Many professional writers, editors, and teachers rely on blogs to engage in online conversations about the nature of language and the writing process. Here you'll find links to 10 of the more popular, useful, and authoritative blogs.
This engaging language site hosted by linguists Mark Liberman and Geoffrey K. Pullum (authors of Far from the Madding Gerund and Other Dispatches from Language Log
) has been running strong since 2003.
Since 1996, freelance lexicographer Michael Quinion (author of Why is Q Always Followed by U?
) has kept track of new words, topical words, and weird words (that is, "words that refer to obscure or outlandish subjects, are in themselves rare, or which look odd").
Veteran copy editor John McIntyre (former head of the copy desk at The Baltimore Sun
) is an exceptionally smart, entertaining, and open-minded stickler for correct usage.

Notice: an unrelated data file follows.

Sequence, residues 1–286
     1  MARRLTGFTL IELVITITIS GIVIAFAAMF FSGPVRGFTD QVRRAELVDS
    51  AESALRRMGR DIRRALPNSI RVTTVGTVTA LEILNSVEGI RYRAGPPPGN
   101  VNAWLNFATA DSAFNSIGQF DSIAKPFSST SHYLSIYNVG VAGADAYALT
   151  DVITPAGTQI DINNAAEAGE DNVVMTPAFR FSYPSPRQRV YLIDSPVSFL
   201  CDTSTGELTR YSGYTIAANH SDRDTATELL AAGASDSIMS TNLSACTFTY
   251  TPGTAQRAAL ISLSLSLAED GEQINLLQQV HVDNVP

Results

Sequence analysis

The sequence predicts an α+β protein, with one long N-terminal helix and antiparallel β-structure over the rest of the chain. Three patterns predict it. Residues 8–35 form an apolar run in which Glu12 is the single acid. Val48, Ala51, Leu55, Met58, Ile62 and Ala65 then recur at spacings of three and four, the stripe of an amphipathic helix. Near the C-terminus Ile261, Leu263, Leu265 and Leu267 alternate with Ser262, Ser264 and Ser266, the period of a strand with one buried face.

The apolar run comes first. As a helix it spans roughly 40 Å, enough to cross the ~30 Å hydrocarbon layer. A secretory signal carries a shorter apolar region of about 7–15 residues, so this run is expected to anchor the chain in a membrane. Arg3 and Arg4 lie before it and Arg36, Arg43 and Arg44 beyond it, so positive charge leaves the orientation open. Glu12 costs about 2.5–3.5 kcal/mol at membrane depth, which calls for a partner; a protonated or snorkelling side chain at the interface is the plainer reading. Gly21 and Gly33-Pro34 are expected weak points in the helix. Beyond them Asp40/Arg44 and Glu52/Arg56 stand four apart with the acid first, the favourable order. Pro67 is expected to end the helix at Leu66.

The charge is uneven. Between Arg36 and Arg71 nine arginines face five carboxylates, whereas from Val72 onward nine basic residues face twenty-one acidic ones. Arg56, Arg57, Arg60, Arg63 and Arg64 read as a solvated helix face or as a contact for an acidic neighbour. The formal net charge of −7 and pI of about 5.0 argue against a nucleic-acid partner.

Andy Bechtel, who teaches editing and writing at UNC-Chapel Hill, discusses "editing and writing of all sorts" for the benefit of anyone "who loves words and the news."
The editors and guest writers at the Macmillan Dictionary Blog "explore a wide range of topics related to English as it is used around the world, and hope to be of interest and relevance to the international community of English speakers."
Jay Heinrichs (author of Word Hero
and Thank You for Arguing: What Aristotle, Lincoln, and Homer Simpson Can Teach Us About the Art of Persuasion
) "rips the innards out of things people say and reveals the rhetorical tricks and pratfalls."
A blog about pedagogy and English studies, by faculty and students at the University of Texas at Austin.
Operated by the Institute for Language Information and Technology at Eastern Michigan University, Ask a Linguist is "a place where anyone interested in language or linguistics can ask a question and, if approved, get responses from a panel of professional linguists."
Dr. Nancy Soonpaa (professor of law at Texas Tech), Dr. Sue Liemer (assistant professor of law at Southern Illinois University), and Dr. Mark E. Wojcik (professor of law at John Marshall Law School) maintain this blog for their colleagues in the legal profession--but you don't have to be a lawyer to benefit from their sound advice on writing.
This monthly bulletin has been hosted by the The Wall Street Journal
since 1987. Learn to recognize (and avoid) overworked expressions before they become full-fledged journalistic clichés.